If you want to join a really hot debate, get into the discussion about how best to measure how happy your customers are with your brand. On the one hand you have the gurus of Net Promoter Score (NPS) – the simple measure that takes the percentage of people that say they will recommend your brand to their friends and subtracts the percentage who say they won’t, to give you the net result. On the other hand is the set of people who think NPS isn’t the most robust measure and who advocate traditional customer satisfaction measures and any of 1001 esoteric variations.
If you are a marketer you probably just want all the researchers to argue amongst themselves – you’d rather get on and do something about how your customers feel about your brand. Me too. After more than 15 years measuring and managing customer satisfaction indices of one kind or another, I’ve concluded it’s too easy to get lost in theoretical debates, and much more important to take what you know about your customers’ views and actually do something about it!
NPS is a great place to start. Whatever the theoretical arguments, most of us would agree that having a load of customers out there actively recommending our brands would be a good thing. The key thing is how to get that to happen. As you can see in this great blog on customer experience, NPS scores vary hugely and usually correlate pretty well with business success. Once you have an NPS score, there is a whole industry offering to measure, analyse, create multi-variate analyses of your data and more. Some of that might even be useful, but here are a few action-related points I find to be true in most cases – they might just work for you too:
NPS is about your individual experience. Whether you recommend that brand of car or of washing powder is about the personal experience you had – buying it, using it, dealing with the company behind it. When you take this as your starting point, you realise that driving NPS isn’t about big marketing campaigns or process re-engineering programmes. Those might be ingredients, but only in as far as they impact the individual customer’s experience. The right starting point is to understand that experience from the customer's point of view.
NPS is incredibly fragile. It only takes one rude sales agent or call-centre agent to put a customer off recommending your brand to their friends. A recommendation is a big big deal – if I recommend to you, I’m putting my own reputation on the line and the thing I want least is to be embarrassed that I made that recommendation – so if I have any reason to believe a brand might not deliver for my friend, I will not recommend them. As I wrote in Marketing Madness, the collection of individual customer experiences creates my impression of a brand – they need to be both positive and internally consistent.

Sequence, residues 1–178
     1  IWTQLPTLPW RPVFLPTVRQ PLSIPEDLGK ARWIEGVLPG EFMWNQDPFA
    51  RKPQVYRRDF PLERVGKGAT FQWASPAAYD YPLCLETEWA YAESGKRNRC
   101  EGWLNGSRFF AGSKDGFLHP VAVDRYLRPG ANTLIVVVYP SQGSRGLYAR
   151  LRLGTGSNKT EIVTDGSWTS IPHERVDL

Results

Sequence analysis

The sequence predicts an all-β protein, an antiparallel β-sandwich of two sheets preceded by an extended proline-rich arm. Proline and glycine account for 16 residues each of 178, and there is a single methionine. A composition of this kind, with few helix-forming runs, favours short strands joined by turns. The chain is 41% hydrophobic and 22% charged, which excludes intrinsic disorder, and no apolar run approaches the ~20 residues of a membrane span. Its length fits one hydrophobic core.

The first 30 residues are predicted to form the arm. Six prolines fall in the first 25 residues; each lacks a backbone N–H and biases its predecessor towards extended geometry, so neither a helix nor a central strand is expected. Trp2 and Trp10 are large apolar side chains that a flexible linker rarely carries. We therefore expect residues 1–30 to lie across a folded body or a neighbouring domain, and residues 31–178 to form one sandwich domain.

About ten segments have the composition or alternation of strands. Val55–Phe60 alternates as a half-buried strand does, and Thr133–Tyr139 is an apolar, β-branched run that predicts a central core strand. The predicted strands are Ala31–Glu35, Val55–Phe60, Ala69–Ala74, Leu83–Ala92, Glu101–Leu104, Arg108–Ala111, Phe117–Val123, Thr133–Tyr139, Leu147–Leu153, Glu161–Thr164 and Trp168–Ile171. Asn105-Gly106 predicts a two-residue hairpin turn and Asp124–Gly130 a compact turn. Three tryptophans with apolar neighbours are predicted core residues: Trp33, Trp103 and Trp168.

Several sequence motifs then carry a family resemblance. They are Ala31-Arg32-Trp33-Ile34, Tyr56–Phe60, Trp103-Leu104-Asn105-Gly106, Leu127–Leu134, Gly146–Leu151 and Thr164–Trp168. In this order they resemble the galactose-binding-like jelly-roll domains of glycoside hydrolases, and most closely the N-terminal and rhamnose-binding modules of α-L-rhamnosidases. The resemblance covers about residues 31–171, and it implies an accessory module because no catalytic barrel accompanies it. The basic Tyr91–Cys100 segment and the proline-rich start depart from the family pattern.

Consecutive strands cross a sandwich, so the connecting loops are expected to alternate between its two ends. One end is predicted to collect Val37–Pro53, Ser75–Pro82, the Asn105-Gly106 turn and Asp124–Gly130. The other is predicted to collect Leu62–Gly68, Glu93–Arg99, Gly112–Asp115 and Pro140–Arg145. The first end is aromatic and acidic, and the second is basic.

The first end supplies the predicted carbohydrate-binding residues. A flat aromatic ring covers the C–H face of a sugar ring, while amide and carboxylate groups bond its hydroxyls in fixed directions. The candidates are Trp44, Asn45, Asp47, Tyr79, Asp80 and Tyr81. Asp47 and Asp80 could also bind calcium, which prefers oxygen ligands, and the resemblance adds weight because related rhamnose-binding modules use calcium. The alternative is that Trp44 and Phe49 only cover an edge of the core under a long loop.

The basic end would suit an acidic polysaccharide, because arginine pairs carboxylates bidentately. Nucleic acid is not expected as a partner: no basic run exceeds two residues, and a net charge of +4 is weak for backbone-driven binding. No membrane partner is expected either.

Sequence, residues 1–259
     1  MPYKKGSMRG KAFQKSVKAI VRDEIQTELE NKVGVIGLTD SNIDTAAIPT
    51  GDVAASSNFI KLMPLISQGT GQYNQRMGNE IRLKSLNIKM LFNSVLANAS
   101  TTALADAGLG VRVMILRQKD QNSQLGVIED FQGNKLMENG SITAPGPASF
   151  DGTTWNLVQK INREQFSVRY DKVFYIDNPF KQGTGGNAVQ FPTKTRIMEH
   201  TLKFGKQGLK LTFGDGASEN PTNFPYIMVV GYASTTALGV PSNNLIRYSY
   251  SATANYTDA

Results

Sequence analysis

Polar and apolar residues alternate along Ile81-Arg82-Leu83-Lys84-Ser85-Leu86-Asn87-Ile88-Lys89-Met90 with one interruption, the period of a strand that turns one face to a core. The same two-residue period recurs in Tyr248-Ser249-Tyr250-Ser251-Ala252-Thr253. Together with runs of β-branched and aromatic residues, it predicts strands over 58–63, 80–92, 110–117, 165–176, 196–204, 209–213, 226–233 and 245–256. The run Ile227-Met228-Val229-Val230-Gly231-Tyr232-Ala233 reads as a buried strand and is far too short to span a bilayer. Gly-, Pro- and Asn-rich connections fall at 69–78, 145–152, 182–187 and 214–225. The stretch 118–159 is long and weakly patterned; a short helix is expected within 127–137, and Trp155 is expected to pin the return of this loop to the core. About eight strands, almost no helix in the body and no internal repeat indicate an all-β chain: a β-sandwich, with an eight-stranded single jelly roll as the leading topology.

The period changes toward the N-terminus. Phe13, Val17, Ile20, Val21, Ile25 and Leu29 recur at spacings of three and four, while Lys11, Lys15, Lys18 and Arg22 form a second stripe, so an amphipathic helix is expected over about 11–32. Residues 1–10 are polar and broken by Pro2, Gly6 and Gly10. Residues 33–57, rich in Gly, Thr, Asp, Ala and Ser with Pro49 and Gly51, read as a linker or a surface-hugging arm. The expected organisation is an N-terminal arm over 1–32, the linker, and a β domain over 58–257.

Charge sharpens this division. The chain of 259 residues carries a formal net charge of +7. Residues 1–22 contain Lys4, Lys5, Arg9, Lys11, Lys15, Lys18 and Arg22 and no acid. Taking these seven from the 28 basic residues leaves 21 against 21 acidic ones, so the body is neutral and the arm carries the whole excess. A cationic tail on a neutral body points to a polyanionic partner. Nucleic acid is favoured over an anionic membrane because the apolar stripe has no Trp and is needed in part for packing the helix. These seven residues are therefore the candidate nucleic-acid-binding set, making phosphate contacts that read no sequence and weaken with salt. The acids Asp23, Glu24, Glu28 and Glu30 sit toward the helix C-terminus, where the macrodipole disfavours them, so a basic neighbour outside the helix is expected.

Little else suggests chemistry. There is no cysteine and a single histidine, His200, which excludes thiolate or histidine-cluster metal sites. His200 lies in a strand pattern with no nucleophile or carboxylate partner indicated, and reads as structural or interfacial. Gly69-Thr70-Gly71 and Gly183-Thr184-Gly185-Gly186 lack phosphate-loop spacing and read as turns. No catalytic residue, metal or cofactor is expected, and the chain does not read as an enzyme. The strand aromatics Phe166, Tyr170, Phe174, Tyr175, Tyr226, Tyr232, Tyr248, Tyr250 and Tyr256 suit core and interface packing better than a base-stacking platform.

NPS needs language. I’m going to talk more in a later post about the language of marketing and the importance of words to our customers, but NPS is a particularly interesting case. As consumers we don’t generally go around recommending brands to each other – it just doesn’t come up in conversation all that often. So for a brand to get a positive NPS score we need to give consumers active reasons to recommend us – things that they personally can “brag about”- “look what I got because I’m a brand x customer”.
NPS can’t be bought. The flip side of giving customers reasons to recommend us is that it’s very hard to bribe them to do it. There will be cultural differences in different markets, of course, but I remember vividly the first time I launched and then researched a “recommend a friend” scheme – we realised that offering a big financial benefit for introducing a friend actually reduced recommendation, because customers did not want their friends to think they were so easily for hire.
Conclusion? NPS of course isn’t the be-all and end-all. As Valeria Maltoni says in this post, you need to get behind the simple figures to really understand what is going on in your customers’ minds. A great start, though, is to consider the customer not as a statistic but as an individual. Are you delivering experiences to individuals that make them inclined to recommend your brand – not just at the big marketing and sales touchpoints but in the everyday contacts which really matter to the customer?
What do you think? What brands do you recommend and why, and what practical lessons would you add to mine for brands to consider?